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Asia: Stocks rise before US jobs report as ECB revamps stimulus
[SYDNEY] Asian stocks rose ahead of the monthly US jobs report, after the European Central Bank signaled it could expand stimulus if the rout in financial markets continues to weigh on growth and inflation.
The MSCI Asia Pacific Index gained 0.3 per cent to 126.54 as of 9:01 a.m. in Tokyo. The gauge has slumped 3.5 per cent this week, on course for its longest streak of weekly losses in four years. The measure has declined for seven weeks and is down almost 20 per cent from its seven-year high in April.
US shares on Thursday pared gains in afternoon trading in New York as optimism about European stimulus gave way to anxiety over Friday's jobs report and its implications on Federal Reserve interest-rate policy.
"A weaker jobs number on Friday may be the straw that breaks the camel's back for a September rate hike," said Jasper Lawler, a London-based market analyst at CMC Markets Plc. "Mario Draghi didn't let markets down. He obliged with not only a promise of more QE if needed, but also announced the ECB can now purchase more of any one debt issue." The payrolls report on Friday represents the last major data point before the Fed meets to discuss the first increase in interest rates in nearly a decade. US data on Thursday showed jobless claims rose more than forecast last week, while a measure of the services industry hovered just below a 10-year high.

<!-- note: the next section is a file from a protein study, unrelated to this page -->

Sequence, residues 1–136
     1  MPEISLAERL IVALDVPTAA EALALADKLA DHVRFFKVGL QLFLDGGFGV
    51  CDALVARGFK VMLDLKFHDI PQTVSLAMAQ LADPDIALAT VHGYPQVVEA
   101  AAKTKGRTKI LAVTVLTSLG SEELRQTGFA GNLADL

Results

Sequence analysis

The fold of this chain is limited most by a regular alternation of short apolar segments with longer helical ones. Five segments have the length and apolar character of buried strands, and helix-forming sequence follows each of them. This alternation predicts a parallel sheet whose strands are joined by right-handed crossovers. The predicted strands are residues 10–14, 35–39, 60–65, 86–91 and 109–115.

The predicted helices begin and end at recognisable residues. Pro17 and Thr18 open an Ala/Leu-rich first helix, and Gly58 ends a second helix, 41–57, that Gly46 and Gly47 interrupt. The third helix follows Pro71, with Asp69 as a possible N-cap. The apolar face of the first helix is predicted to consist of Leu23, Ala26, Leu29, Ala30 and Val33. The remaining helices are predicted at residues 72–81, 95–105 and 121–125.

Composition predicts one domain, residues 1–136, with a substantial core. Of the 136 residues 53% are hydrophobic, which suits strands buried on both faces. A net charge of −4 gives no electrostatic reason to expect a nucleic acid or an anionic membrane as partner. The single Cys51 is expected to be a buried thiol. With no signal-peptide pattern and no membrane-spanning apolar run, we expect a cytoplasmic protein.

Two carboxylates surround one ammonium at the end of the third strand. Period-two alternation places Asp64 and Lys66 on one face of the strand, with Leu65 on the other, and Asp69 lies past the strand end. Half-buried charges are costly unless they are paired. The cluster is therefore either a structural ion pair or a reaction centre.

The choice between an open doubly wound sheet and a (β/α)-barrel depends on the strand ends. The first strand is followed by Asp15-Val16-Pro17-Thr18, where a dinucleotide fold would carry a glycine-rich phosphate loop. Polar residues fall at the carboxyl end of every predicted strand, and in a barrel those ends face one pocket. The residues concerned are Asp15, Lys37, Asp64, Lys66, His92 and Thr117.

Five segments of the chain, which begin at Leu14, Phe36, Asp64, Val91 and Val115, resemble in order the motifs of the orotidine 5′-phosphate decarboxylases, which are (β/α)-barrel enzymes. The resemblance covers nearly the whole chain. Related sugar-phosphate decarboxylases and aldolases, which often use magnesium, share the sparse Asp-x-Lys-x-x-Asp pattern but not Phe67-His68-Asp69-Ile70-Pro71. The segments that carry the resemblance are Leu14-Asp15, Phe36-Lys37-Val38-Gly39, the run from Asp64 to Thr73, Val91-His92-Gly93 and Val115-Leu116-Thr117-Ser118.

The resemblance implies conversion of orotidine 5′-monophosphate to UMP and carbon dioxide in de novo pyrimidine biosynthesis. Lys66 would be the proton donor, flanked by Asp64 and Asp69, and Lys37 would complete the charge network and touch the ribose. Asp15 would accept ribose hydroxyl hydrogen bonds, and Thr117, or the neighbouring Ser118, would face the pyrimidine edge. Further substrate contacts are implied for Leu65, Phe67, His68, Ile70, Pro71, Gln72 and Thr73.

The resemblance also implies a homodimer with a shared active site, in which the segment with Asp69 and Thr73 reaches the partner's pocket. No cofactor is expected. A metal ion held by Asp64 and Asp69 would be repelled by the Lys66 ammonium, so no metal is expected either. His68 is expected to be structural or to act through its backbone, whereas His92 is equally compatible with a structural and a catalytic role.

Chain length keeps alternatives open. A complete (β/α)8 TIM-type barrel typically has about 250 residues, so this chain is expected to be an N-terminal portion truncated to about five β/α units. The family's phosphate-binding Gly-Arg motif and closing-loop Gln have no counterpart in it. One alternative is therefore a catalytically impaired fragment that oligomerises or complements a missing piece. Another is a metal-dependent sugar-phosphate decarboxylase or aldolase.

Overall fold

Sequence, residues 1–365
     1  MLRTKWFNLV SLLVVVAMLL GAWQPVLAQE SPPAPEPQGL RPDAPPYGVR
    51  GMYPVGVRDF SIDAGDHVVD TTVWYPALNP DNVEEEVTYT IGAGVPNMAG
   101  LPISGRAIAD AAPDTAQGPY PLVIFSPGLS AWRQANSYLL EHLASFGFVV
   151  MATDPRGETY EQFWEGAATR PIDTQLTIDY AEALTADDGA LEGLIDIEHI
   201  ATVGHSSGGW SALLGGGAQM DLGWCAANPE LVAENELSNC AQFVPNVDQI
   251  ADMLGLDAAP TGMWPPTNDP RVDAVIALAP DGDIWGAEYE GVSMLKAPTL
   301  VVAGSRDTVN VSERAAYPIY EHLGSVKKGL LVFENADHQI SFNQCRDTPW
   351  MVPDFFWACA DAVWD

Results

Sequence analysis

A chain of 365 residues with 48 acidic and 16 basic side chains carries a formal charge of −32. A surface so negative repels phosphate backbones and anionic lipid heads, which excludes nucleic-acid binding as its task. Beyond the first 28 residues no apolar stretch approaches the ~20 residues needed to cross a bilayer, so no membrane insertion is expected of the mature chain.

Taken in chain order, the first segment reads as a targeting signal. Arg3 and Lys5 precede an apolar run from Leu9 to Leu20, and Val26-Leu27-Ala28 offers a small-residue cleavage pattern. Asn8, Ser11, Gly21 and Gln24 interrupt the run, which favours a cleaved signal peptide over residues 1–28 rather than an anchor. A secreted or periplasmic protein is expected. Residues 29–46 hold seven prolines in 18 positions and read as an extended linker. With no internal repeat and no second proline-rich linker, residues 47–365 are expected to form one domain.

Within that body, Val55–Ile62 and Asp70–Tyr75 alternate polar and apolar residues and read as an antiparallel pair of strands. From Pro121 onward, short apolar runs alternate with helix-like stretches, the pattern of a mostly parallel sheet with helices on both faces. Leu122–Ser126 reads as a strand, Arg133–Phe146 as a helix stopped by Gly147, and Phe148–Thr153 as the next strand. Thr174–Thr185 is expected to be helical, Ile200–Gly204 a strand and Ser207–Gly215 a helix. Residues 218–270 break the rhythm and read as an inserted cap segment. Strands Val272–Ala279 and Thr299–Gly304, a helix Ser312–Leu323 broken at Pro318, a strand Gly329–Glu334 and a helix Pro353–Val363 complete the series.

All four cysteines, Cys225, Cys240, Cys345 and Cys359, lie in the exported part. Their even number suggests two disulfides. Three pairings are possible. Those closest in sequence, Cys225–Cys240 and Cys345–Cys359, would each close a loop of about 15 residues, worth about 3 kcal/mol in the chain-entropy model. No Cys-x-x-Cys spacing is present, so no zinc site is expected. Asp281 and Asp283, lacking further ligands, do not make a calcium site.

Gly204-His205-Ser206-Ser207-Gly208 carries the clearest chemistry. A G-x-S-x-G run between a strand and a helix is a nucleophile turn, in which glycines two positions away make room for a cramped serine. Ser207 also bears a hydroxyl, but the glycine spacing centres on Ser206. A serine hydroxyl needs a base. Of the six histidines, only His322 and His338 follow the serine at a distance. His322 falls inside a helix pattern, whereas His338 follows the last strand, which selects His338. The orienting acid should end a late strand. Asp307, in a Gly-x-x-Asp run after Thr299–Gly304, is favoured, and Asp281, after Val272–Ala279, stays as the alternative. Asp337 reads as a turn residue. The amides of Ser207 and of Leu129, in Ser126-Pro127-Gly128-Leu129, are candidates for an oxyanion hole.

Futures traders are betting the Fed will push back raising its fed funds rate. The probability of an increase in September has fallen to 30 per cent, from 38 per cent at the end of last week, according to data compiled by Bloomberg.
Japan's Topix index rose 0.5 per cent. South Korea's Kospi index gained 0.3 per cent and Australia's S&P/ASX 200 Index advanced 0.2 per cent. New Zealand's NZX 50 Index slipped 0.2 per cent.
Markets in Hong Kong reopen after a holiday, while mainland Chinese markets remain closed.
The Stoxx Europe 600 Index climbed 2.4 per cent, as investors took assurances of central-bank support after the China-fueled volatility of the past month. The Standard & Poor's 500 Index advanced 0.1 per cent in New York, after briefly erasing gains of more than one per cent.